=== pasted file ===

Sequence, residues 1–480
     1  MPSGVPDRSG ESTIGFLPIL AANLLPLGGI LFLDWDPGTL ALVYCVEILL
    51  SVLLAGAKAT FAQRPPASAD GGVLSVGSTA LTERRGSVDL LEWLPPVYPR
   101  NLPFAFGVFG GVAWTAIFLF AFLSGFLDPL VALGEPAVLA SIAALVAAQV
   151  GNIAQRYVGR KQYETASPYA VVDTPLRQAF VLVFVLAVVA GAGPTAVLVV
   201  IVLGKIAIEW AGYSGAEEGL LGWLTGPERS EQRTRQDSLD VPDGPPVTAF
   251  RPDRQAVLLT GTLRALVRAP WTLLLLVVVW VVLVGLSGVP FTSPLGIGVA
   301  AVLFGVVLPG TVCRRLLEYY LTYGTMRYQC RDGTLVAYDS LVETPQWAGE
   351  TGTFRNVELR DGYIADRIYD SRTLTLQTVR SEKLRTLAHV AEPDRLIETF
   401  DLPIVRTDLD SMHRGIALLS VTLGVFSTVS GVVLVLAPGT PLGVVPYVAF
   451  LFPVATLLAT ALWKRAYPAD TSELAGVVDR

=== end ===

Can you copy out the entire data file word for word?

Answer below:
Sequence, residues 1–480
     1  MPSGVPDRSG ESTIGFLPIL AANLLPLGGI LFLDWDPGTL ALVYCVEILL
    51  SVLLAGAKAT FAQRPPASAD GGVLSVGSTA LTERRGSVDL LEWLPPVYPR
   101  NLPFAFGVFG GVAWTAIFLF AFLSGFLDPL VALGEPAVLA SIAALVAAQV
   151  GNIAQRYVGR KQYETASPYA VVDTPLRQAF VLVFVLAVVA GAGPTAVLVV
   201  IVLGKIAIEW AGYSGAEEGL LGWLTGPERS EQRTRQDSLD VPDGPPVTAF
   251  RPDRQAVLLT GTLRALVRAP WTLLLLVVVW VVLVGLSGVP FTSPLGIGVA
   301  AVLFGVVLPG TVCRRLLEYY LTYGTMRYQC RDGTLVAYDS LVETPQWAGE
   351  TGTFRNVELR DGYIADRIYD SRTLTLQTVR SEKLRTLAHV AEPDRLIETF
   401  DLPIVRTDLD SMHRGIALLS VTLGVFSTVS GVVLVLAPGT PLGVVPYVAF
   451  LFPVATLLAT ALWKRAYPAD TSELAGVVDR